As a start, the campaign aims to begin conversations on menstrual health with five hundred adolescents and youth in Delhi through offline platforms, and through this community mobilise support to create Period Friendly Institutions out of educational institutes in the city.

Find out more about the campaign here.

A native of Bhagalpur district – Bihar, Shalini Jha believes in equal rights for all genders and wants to work for a gender-equal and just society. In the past she’s had a year-long association as a community leader with Haiyya: Organise for Action’s Health Over Stigma campaign. She’s pursuing a Master’s in Literature with Ambedkar University, Delhi and as an MHM Fellow with YKA, recently launched ‘Project अल्हड़ (Alharh)’.

She says, “Bihar is ranked the lowest in India’s SDG Index 2019 for India. Hygienic and comfortable menstruation is a basic human right and sustainable development cannot be ensured if menstruators are deprived of their basic rights.” Project अल्हड़ (Alharh) aims to create a robust sensitised community in Bhagalpur to collectively spread awareness, break the taboo, debunk myths and initiate fearless conversations around menstruation. The campaign aims to reach at least 6000 adolescent girls from government and private schools in Baghalpur district in 2020.

Read more about the campaign here.

A psychologist and co-founder of a mental health NGO called Customize Cognition, Ritika forayed into the space of menstrual health and hygiene, sexual and reproductive healthcare and rights and gender equality as an MHM Fellow with YKA. She says, “The experience of working on MHM/SRHR and gender equality has been an enriching and eye-opening experience. I have learned what’s beneath the surface of the issue, be it awareness, lack of resources or disregard for trans men, who also menstruate.”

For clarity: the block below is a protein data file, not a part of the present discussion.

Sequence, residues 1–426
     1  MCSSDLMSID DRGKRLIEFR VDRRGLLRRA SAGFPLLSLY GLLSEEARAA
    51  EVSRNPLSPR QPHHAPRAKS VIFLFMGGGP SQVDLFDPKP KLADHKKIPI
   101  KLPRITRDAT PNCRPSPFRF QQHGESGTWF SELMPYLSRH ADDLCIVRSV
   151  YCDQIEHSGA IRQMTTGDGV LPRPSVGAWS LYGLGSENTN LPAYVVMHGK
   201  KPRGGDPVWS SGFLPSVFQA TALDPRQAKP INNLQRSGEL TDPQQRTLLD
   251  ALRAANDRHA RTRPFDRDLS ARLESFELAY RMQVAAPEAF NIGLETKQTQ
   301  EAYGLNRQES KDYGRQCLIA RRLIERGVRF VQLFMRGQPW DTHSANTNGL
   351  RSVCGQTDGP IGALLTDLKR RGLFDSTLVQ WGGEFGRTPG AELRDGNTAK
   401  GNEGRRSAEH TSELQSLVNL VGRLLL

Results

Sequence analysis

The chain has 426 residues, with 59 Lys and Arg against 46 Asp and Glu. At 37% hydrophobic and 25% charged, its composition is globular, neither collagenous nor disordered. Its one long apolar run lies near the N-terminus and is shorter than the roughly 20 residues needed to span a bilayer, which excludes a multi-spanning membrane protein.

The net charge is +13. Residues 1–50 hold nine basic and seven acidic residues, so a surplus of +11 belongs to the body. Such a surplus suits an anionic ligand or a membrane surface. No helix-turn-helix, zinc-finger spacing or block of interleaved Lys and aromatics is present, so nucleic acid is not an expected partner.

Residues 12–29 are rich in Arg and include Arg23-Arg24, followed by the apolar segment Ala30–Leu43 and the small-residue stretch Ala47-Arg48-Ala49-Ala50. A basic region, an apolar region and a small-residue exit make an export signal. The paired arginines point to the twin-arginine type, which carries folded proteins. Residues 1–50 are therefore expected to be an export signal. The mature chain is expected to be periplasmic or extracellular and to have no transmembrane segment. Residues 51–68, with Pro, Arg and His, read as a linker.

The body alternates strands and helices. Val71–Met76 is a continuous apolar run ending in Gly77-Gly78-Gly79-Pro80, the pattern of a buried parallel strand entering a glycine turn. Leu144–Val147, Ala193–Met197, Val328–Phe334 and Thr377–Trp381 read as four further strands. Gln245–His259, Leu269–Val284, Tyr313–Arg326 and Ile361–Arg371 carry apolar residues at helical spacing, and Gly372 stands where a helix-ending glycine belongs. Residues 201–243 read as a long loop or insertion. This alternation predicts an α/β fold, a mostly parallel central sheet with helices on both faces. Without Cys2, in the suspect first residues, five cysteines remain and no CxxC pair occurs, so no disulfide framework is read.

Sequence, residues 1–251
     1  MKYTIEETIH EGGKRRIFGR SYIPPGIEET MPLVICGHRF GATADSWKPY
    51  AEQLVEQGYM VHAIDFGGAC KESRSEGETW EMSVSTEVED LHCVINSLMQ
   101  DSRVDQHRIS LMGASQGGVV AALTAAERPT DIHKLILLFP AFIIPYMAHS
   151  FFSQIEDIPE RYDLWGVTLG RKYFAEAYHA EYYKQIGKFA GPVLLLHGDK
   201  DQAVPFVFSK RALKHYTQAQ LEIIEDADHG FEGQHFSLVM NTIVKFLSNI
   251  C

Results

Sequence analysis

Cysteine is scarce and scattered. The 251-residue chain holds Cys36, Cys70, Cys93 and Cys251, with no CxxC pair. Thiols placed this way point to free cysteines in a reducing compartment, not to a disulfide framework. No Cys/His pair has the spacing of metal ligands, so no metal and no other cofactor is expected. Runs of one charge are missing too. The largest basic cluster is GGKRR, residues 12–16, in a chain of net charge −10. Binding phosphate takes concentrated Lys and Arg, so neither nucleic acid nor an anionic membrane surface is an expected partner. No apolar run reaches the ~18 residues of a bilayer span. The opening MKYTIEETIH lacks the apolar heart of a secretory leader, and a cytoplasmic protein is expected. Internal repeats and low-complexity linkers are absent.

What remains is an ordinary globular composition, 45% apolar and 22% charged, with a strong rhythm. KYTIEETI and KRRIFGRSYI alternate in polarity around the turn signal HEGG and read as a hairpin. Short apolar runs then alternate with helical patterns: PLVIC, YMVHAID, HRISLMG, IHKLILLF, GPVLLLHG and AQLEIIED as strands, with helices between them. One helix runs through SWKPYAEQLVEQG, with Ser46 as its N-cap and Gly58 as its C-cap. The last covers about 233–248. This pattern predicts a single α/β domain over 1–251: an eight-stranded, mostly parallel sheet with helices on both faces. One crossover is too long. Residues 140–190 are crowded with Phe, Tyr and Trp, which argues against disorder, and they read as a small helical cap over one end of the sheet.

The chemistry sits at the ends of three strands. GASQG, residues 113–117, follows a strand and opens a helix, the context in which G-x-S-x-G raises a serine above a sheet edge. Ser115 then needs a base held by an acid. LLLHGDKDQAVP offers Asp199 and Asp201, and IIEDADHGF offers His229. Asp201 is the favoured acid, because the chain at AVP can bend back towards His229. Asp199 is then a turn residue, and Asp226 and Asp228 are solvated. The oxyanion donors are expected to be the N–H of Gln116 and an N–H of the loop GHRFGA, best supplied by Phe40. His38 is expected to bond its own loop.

The Transmen-ses campaign aims to tackle the issue of silence and disregard for trans men’s menstruation needs, by mobilising gender sensitive health professionals and gender neutral restrooms in Lucknow.

Read more about the campaign here.

A Computer Science engineer by education, Nitisha started her career in the corporate sector, before realising she wanted to work in the development and social justice space. Since then, she has worked with Teach For India and Care India and is from the founding batch of Indian School of Development Management (ISDM), a one of its kind organisation creating leaders for the development sector through its experiential learning post graduate program.

As a Youth Ki Awaaz Menstrual Health Fellow, Nitisha has started Let’s Talk Period, a campaign to mobilise young people to switch to sustainable period products. She says, “80 lakh women in Delhi use non-biodegradable sanitary products, generate 3000 tonnes of menstrual waste, that takes 500-800 years to decompose; which in turn contributes to the health issues of all menstruators, increased burden of waste management on the city and harmful living environment for all citizens.